Mike Beard.

Offline daffy

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Re: Modelling Swiss narrow gauge in 1:150th scale
« Reply #110 on: April 15, 2018, 03:09:51 pm »
Wots chocolate box?  :hmmm:


Dictionary def:

ADJECTIVE

British
(of a view or picture) pretty in a conventional or idealized way.
‘chocolate-box cottages lining narrow streets’

Often used on... er.. chocolate boxes in the UK in days gone by.

And, still retaining the Swiss theme - just  ;) - the excellent Swiss brand Lindt still uphold the tradition at times:




 - a Swiss scene you can still see for real , but usually not without a few cars, an office block or a few other less attractive buildings - and some graffiti of course!
Mike

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Offline daffy

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Re: Modelling Swiss narrow gauge in 1:150th scale
« Reply #111 on: April 15, 2018, 03:16:33 pm »
RhB Catenary

Right, I'm not going to get over-pedantic about the overhead, or lack there of but who makes the closest to RhB masts and spans?

thanks,

Mike Beard

Discussed on this forum extensively some time ago

 :searchingsign:

.

Well, I did try searching but I found nothing relevent so I was hoping for a pointer. I was obviously somewhat over confident in others help.

I'll carefully consider if I really want to keep posting here, perhaps I'm better off keeping it to myself.

Mike Beard.

I'm surprised you found nothing relevant, as a Google image search for 'Graubünden Architecture' , amongst similar search criteria, reveals a whole host of useful results. (And aptly illustrates Gordon's point about juxtaposition of styles in Switzerland where beautiful decorated houses can stand beside brutalist concrete.)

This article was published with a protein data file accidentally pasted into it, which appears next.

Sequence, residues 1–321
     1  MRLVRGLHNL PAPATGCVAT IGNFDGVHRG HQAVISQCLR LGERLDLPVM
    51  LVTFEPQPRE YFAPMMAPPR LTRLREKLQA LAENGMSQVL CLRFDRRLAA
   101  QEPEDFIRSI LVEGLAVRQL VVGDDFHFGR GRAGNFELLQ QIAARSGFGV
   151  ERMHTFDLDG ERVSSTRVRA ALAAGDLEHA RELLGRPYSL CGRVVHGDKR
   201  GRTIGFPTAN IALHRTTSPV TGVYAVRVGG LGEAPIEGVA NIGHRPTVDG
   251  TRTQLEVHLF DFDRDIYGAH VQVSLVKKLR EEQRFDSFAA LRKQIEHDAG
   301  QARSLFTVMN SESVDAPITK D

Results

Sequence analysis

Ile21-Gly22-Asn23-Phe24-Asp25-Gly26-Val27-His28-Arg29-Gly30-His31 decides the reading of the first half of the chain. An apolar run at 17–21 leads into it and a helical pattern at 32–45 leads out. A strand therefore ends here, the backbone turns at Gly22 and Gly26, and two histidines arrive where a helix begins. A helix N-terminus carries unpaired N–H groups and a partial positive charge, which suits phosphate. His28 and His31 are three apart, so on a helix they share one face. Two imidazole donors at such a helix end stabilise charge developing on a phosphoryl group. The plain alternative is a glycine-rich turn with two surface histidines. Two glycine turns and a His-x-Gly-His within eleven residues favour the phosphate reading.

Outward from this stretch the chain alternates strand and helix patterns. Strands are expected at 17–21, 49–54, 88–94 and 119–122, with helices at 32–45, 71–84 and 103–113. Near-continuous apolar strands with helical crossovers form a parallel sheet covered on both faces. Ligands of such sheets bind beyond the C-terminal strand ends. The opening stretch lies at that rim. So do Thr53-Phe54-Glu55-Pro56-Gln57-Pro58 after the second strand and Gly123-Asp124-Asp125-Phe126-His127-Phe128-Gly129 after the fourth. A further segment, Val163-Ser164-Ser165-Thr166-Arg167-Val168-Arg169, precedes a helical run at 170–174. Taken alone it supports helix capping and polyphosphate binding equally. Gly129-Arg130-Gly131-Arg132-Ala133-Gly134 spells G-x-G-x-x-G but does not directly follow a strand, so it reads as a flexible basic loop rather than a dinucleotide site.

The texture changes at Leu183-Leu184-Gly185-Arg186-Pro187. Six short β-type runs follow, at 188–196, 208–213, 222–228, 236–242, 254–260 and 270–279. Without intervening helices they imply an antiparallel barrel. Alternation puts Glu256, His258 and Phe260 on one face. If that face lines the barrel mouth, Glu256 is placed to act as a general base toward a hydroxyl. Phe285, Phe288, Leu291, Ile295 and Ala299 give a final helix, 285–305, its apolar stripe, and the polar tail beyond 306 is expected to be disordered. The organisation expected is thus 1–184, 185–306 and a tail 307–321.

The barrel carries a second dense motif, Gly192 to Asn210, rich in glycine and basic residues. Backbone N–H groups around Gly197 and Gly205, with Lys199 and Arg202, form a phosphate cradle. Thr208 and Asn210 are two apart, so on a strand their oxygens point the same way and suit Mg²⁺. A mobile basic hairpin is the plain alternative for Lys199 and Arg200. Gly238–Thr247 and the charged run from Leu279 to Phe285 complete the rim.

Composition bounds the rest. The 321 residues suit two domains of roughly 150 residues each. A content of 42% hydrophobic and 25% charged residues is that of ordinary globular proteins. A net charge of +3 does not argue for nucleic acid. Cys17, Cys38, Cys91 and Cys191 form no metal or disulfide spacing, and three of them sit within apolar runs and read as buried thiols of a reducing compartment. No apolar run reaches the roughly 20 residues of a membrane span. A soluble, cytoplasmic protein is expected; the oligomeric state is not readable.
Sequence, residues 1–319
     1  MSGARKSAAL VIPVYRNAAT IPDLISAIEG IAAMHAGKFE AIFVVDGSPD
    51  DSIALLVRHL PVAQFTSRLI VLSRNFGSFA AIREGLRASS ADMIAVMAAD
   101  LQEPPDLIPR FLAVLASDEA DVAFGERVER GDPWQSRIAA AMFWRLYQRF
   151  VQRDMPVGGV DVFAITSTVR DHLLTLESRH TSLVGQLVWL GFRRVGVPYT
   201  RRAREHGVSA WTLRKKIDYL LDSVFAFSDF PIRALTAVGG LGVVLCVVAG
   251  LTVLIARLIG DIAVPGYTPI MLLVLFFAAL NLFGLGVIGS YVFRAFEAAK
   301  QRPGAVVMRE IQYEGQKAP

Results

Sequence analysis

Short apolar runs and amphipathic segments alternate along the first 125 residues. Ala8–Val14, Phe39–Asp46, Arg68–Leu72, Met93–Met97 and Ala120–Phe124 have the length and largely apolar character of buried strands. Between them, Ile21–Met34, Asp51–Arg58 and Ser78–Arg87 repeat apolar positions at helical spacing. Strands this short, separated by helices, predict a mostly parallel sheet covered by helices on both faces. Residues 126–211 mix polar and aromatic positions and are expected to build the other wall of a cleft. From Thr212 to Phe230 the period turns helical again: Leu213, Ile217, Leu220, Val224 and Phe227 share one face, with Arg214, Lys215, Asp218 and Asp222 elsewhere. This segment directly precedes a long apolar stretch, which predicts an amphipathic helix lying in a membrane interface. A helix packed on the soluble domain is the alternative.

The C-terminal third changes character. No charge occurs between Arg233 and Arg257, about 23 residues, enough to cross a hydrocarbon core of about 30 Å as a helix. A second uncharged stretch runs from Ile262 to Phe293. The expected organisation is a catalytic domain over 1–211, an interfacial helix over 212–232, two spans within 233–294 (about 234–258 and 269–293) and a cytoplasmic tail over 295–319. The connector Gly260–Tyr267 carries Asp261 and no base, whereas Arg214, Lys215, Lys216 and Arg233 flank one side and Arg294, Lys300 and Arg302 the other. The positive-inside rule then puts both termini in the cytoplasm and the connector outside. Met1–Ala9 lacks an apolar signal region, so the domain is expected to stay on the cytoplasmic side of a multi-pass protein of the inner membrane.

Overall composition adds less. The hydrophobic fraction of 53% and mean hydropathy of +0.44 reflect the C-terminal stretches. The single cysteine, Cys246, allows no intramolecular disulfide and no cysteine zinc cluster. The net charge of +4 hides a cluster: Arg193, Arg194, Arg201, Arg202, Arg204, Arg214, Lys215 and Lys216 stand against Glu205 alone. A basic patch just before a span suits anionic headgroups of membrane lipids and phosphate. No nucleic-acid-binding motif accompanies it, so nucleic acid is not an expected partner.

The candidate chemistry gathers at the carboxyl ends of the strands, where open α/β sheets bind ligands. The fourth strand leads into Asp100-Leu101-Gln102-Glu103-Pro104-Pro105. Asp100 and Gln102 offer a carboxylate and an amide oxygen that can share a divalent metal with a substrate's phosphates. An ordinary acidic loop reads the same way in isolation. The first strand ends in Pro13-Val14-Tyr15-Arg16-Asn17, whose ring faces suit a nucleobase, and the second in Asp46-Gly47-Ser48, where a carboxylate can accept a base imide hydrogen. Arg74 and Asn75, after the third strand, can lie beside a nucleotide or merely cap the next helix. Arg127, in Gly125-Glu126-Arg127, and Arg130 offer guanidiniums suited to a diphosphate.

As does the cab ride videos of the district I mentioned some months back.
« Last Edit: April 15, 2018, 03:28:41 pm by daffy »
Mike

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Offline Mike Beard

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Re: Modelling Swiss narrow gauge in 1:150th scale
« Reply #112 on: April 15, 2018, 03:48:48 pm »
The problem with "Graubünden Architecture" is that it throws up so many beautiful buildings, not the mediochre of everyday living and working which is what I'm looking for. "Graubünden Architecture" is as atypical of the way average people live is as looking at the Royal Family and drawing conclusions from that. I'm really looking for the equivalents of the English post-war semi or its detached equivalent.

As to the reply on RhB catenary the inference is that somebody knows where and when it was discussed on the N Gauge Forum but is unprepared to assist in finding where that is. As I said I'm not looking for 100% accuracy, just similar is enough.

Obviously the way forward is to cover the layout in Chocolate Box, ancient and modern and Greenmax catenary. I don't think so.

Mike Beard.
« Last Edit: April 15, 2018, 03:49:58 pm by Mike Beard, Reason: spleeling error »

Offline daffy

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Re: Modelling Swiss narrow gauge in 1:150th scale
« Reply #113 on: April 15, 2018, 04:14:12 pm »
As I stated
Quote
...... amongst similar search criteria, reveals a whole host of useful results.

Try a few similar related searches, as I did, such as 'Graubunden houses' which give, IMO, exactly what you are looking for.